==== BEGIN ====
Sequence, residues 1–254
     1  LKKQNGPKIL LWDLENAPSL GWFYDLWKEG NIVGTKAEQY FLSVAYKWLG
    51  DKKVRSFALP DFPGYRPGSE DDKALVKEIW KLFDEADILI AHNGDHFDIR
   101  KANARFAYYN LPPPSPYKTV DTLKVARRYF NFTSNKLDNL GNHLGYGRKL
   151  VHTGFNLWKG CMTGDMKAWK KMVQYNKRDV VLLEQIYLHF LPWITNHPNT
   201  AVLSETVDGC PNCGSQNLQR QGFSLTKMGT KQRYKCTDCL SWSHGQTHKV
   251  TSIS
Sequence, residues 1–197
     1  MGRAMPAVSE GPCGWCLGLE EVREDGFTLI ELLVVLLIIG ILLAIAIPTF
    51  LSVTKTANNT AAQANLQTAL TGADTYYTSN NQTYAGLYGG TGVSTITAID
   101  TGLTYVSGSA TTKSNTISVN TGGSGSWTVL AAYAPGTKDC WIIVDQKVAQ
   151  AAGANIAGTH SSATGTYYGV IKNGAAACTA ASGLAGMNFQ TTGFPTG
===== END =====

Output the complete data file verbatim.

Sequence, residues 1–254
     1  LKKQNGPKIL LWDLENAPSL GWFYDLWKEG NIVGTKAEQY FLSVAYKWLG
    51  DKKVRSFALP DFPGYRPGSE DDKALVKEIW KLFDEADILI AHNGDHFDIR
   101  KANARFAYYN LPPPSPYKTV DTLKVARRYF NFTSNKLDNL GNHLGYGRKL
   151  VHTGFNLWKG CMTGDMKAWK KMVQYNKRDV VLLEQIYLHF LPWITNHPNT
   201  AVLSETVDGC PNCGSQNLQR QGFSLTKMGT KQRYKCTDCL SWSHGQTHKV
   251  TSIS
Sequence, residues 1–197
     1  MGRAMPAVSE GPCGWCLGLE EVREDGFTLI ELLVVLLIIG ILLAIAIPTF
    51  LSVTKTANNT AAQANLQTAL TGADTYYTSN NQTYAGLYGG TGVSTITAID
   101  TGLTYVSGSA TTKSNTISVN TGGSGSWTVL AAYAPGTKDC WIIVDQKVAQ
   151  AAGANIAGTH SSATGTYYGV IKNGAAACTA ASGLAGMNFQ TTGFPTG